Yes, goats are cool, photogenic, and very memeable, but they’re also great for keeping an ecosystem healthy! Community members can see and hear them in action at the annual “Meet and Bleat” on Saturday, July 15 from 9-11 a.m. at Harlow Platts Community Park.
Yes, goats are cool, photogenic, and very memeable, but they’re also great for keeping an ecosystem healthy!
Community members can see and hear them in action at the annual “Meet and Bleat” on Saturday, July 15 from 9-11 a.m. at Harlow Platts Community Park.
The “Meet and Bleat” event allows community members to see the goats up close, take photos, and pet them. We will have a goat that can be milked and baby goats to squeal over. While most goats will be behind a fence, community members can interact with some goats that will be out and on leashes.
“There will be about 30 to 40 goats, all female, and several baby goats,” said Heather Speicher from Homestead Ranch, the provider of the goats to the city for the third year. “They’ll be eating the weeds and would love to have community members come say hi and scratch them behind the ears, if they want.”
Event visitors should leave their dogs at home and not bring any food for the goats since they’re busy eating weeds. Visitors should park next to the playground on the south side of the park and follow the signage to the goats on the north side of the lake.
“The goats are a natural way to stomp out weeds, so we’re excited that they’re back to help out in the park,” said Ecology Supervisor Joy Master. “The goats are an important part of how the city supports native plant species by keeping invasive species under control, also called Integrated Pest Management. We use many different tools to manage invasive species, including education, prevention, and methods to remove existing plants from the ecosystem.”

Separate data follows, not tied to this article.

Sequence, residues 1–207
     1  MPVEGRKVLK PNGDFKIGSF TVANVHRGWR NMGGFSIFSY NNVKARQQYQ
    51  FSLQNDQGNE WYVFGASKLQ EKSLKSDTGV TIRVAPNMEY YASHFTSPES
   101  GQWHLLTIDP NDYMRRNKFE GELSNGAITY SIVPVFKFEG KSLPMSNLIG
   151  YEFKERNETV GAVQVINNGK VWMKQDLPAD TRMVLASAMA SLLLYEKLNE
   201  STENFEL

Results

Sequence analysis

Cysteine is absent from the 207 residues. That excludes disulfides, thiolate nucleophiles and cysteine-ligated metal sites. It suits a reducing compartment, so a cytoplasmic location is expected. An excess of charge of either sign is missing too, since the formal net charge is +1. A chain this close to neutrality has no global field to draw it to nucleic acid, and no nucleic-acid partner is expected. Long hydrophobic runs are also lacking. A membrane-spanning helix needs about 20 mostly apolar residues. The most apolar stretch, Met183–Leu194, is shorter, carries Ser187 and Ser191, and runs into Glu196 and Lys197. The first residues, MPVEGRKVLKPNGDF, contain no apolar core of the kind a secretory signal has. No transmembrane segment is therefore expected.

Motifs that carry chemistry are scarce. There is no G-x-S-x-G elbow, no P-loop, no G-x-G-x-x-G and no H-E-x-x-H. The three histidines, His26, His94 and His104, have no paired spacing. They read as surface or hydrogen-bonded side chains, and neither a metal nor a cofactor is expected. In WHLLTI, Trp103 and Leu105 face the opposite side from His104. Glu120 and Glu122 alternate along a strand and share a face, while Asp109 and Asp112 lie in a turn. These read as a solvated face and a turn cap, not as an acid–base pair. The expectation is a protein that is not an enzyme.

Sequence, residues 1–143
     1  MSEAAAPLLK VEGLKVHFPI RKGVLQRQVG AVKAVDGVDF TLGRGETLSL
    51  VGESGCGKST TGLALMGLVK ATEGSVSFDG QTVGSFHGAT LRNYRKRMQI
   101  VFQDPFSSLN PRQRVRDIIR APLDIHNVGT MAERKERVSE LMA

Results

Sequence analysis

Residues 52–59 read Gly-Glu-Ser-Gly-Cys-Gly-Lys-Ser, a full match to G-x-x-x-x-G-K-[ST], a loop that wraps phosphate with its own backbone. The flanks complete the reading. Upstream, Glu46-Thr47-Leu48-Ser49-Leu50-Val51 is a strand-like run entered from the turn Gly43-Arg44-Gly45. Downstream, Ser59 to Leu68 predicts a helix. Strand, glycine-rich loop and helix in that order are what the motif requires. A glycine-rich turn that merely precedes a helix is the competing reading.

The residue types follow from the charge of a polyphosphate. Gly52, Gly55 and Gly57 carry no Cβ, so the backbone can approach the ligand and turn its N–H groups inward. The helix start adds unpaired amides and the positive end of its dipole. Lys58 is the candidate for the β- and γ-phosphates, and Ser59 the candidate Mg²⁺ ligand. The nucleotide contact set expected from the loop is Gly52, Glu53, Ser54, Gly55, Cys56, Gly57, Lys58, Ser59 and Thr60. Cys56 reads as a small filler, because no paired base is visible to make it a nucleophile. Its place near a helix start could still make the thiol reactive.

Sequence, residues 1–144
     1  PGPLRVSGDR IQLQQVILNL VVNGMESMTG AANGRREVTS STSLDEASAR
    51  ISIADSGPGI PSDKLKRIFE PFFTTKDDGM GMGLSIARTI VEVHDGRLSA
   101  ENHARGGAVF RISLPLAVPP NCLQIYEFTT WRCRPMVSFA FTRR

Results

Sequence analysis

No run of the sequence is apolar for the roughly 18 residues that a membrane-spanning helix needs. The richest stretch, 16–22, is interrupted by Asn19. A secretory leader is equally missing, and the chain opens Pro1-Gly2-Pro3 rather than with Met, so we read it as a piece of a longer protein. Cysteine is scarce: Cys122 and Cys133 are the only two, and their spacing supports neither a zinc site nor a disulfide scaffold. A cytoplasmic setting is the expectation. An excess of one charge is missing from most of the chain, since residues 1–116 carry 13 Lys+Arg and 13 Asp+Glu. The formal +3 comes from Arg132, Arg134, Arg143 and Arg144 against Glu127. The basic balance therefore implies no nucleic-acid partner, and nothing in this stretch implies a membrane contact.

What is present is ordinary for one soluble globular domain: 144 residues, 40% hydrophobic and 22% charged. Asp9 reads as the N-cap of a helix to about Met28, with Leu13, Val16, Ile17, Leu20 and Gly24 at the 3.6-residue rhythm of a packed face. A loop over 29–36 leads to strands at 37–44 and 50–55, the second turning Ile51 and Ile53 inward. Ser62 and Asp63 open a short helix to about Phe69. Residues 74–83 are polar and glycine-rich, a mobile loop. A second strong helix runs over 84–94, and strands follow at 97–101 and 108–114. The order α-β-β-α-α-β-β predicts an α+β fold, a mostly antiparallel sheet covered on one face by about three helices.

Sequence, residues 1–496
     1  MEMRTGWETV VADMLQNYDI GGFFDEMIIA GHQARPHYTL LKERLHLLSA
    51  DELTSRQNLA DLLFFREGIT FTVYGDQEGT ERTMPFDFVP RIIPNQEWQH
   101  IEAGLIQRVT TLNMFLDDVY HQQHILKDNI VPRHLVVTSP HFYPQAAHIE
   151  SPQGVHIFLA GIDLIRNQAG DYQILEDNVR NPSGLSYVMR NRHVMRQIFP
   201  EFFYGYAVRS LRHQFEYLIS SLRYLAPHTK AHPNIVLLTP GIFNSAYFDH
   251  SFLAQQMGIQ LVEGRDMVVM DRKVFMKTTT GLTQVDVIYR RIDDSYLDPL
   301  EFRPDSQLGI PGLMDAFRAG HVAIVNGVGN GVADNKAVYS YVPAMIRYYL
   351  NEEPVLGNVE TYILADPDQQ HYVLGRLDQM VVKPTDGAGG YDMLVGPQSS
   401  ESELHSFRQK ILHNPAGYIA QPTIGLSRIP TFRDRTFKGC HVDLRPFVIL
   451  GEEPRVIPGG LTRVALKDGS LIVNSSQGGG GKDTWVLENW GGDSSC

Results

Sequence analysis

The goats take care of Canada thistle, crown vetch, common teasel, and chicory weeds, and have managed weeds for over 20 years at the Boulder Reservoir, Tantra Park, Christensen Park, Gerald Stazio Softball Fields area, Maxwell Park, and Harlow Platts Community Park.
“The goats can’t get to the weed roots, but by chomping, digesting, and stomping on the plants, the goats minimize seed production,” said Master. “Weed management is important for the city to foster healthy native plant communities in our natural areas and comply with the state’s noxious weeds law.”
The herd of goats at the park can take care of approximately 1/4 an acre every eight days before moving on to a new section of the park. The goats will be on-site at Harlow Platts Community Park through mid-August.
We do our best to keep the goats inside the fence, but sometimes they do get out. If you do happen to see any goats "on the loose" please contact Heather Speicher from Homestead Ranch at 970-515-2122 or the Parks and Recreation Urban Ranger Hotline at 303-441-4418.
- Learn more about the city’s Integrated Pest Management program at bouldercolorado.gov/services/integrated-pest-management-program.